On April 10, the Department of Education made a proposal by launching a Call for Evidence, a program to increase oversight of home education by compulsory registration of children who are educated at home or outside of school and monitoring by local authorities. It is a 12-week consultation program with an action plan to seek opinion from families with home-schooled children, local authorities and support groups to determine ‘whether the current arrangements for oversight of elective home education are adequate to fullfill the government’s aspiration that all children in England should receive a good education
Lord Agnew, the School Systems Minister, announced on Tuesday that every child is meant to receive a ‘suitable and safe education – no matter where they are being taught.’ The number of children who are receiving home education has not been properly recorded due to having no registration in place for families whose children are schooled at home, but a document by the Department of Education suggests that there are now a total of 45,500 home-educated children from its rise of over 20 per cent in a span of 18 months. The rise of home education statistics has brought to light issues and concerns such as ‘radicalization and unregistered schools offering services to home-educating parents.’ In particular, an issue raised by OFSTED Chief Amanda Spielman who claims that religious extremists are “perverting” the purpose of education by taking advantage of “unusually permissive” rules surrounding the education of children in unregistered schools. More than 170 undocumented faith schools are estimated in the UK with over 3,000 children enrolled.
While the School Systems Minister has cited that ‘across the country there are thousands of dedicated parents who are doing an excellent job of educating their children at home,’ they need to find ways on how to act quickly in the event that it does not. A £3 million targeted fund was also announced as financial support for the joint effort between local authorities and over a dozen agencies in ‘tackling the minority of out of school settings that seek to undermine British values or expose children to other harmful practices.’ Out of school settings include ‘any institution providing tuition, training or instruction to children aged under 19 in England that is not a school, college, 16-19 academy or registered childcare provider.’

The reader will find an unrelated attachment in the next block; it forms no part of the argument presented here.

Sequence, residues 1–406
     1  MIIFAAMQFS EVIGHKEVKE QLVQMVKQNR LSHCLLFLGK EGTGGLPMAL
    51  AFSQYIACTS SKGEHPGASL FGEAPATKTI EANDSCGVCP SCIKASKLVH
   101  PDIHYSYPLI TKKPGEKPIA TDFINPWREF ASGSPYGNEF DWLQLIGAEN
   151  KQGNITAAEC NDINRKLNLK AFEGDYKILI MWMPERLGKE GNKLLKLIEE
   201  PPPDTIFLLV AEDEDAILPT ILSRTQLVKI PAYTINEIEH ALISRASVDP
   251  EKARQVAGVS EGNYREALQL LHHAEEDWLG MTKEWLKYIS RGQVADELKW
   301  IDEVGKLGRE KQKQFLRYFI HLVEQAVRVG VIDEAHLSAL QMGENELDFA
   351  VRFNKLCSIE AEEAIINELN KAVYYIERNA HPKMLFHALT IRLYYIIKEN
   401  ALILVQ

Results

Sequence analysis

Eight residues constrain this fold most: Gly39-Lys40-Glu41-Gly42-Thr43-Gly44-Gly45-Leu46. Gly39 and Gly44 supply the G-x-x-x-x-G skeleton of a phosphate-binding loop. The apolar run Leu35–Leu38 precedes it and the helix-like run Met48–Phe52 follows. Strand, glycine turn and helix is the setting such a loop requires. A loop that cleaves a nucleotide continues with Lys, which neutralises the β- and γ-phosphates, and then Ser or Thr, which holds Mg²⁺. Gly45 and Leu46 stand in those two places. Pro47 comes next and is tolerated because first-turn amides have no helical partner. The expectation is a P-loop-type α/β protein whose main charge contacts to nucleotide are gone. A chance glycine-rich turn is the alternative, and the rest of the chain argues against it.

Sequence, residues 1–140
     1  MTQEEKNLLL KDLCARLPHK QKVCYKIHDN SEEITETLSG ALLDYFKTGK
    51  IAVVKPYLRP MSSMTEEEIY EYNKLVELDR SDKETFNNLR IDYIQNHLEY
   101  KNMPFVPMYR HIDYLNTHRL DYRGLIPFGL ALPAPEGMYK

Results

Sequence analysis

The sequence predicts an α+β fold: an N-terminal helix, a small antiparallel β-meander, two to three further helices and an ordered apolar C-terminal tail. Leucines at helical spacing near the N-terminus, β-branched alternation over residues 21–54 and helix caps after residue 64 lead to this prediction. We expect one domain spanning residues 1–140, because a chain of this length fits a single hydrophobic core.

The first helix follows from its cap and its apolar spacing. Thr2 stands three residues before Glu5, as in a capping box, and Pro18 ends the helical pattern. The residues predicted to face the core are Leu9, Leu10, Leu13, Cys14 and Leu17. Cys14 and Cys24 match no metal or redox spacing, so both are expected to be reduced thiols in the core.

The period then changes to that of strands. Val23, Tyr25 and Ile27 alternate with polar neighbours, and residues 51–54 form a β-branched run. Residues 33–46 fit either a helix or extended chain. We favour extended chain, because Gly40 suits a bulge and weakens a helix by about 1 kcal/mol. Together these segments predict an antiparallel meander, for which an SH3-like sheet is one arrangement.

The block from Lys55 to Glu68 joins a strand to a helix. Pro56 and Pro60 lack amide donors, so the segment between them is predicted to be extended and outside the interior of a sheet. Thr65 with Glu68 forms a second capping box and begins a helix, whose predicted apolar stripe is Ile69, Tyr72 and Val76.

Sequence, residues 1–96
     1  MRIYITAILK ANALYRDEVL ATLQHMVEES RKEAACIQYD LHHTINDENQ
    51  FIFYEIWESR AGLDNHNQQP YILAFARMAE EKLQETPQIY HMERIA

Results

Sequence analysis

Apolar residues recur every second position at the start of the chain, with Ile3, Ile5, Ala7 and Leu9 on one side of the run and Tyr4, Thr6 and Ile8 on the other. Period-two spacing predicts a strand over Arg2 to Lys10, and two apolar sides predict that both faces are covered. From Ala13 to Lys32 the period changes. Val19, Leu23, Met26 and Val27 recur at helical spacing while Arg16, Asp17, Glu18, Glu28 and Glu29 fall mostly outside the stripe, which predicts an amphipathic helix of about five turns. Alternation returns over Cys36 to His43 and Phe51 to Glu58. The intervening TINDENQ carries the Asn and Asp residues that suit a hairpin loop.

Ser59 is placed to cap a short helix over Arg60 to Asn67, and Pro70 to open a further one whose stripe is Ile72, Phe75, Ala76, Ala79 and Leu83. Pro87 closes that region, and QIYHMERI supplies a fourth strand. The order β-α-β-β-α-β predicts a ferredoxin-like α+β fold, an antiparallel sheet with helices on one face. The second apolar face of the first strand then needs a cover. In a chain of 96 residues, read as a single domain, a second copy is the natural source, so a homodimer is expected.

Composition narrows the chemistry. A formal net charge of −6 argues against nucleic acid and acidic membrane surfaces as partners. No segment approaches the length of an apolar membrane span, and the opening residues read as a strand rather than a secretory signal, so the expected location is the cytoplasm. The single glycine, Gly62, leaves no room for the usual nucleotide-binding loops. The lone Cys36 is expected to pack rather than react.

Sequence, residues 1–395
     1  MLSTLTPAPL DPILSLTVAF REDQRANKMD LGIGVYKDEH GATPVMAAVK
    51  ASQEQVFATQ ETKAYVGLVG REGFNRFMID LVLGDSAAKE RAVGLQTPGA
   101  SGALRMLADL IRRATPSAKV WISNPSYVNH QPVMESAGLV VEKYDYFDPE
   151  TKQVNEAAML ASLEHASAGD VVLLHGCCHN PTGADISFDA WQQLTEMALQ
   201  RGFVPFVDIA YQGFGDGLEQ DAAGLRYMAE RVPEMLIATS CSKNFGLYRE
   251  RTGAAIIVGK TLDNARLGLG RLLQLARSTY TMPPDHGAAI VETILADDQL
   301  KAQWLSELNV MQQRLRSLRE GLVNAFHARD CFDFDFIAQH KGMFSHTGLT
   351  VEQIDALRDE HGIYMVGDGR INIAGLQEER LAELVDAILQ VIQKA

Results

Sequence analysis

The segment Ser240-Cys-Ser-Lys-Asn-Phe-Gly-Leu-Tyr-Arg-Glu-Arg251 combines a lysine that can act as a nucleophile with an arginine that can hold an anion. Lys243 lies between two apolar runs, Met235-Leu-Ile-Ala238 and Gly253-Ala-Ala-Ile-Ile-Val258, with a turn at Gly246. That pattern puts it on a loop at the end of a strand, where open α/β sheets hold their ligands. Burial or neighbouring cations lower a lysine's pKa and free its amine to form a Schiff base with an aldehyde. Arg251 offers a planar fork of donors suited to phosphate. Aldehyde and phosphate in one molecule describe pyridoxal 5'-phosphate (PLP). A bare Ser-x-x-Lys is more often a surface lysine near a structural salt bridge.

Parents of home-schooled children however are crying foul over the government proposal, citing that it is an invasion of privacy and a compromise of parental rights on their children’s education. This isn’t the first time the government has initiated ways of taking the issue of home-schooling into their own hands. In 2014, Westminster Council in London expressed its interest in imposing annual visits on home schooling families as a way of securing the ‘welfare of children or for seeking to ensure that they receive the highest standard of education possible.’ Parents felt that they have become victims of a growing frenzy regarding child safety.
Under the current system, schools need to inform local authorities if a pupil is removed from their own register. Children who have never been registered to a school are not included in the statistics. Most home-schooled families are opposed to registering their children stating that a register isn’t a solution for issues that surround child safety and quality of education. According to Eileen Tracy, whose daughter Lilian starred in the West End stage show and has faced legal action against local authorities over her child’s home education, registering your children doesn’t make it more safe. She says, “If registration made kids safe then no school children would self-harm, suffer abuse, develop eating disorders, turn to crime or commit suicide. We know that most UK children are in poor mental health despite being registered already. Let’s not waste public resources on yet more of what doesn’t work.”
Addressing the government’s claims that home-schooling helps perpetuate radicalization, the home education community stresses out that the authorities often confuse illegal schools with home schooling. According to a parent, the increase in the home educated statistics has nothing to do with radicalization but with the failing standards of the country’s educational system.
Tracy also emphasized how home education has an approach centered on the child’s own capabilities and learning pace. “Through home education, parents exercise their right to let their child develop at their own pace and cherrypick their academic pursuits and other passions without confused outsiders breathing down their necks.”
Camilla Bradshaw-Burke, another parent who home-schools her daughter Tilly, 14, has an ambiguous opinion regarding the issue. Having taught for 15 years, she became distraught over the ‘one-size-fits-all’ approach of the educational system which had no regard to her daughter’s ‘calm, introverted’ personality.
This is a tricky one,” she says. “On the one hand I have found myself worrying about individuals I know who are home-schooling who don’t seem equipped to educate their children adequately and so perhaps some sort of over-haul is needed to ensure that every child is receiving an education appropriate to their individual needs.”
The Call for Evidence is also seeking to penalize schools who encourage or force parents to educate their children at home by “off-rolling” children who are problematic and challenging to the institution and would affect their league ratings.
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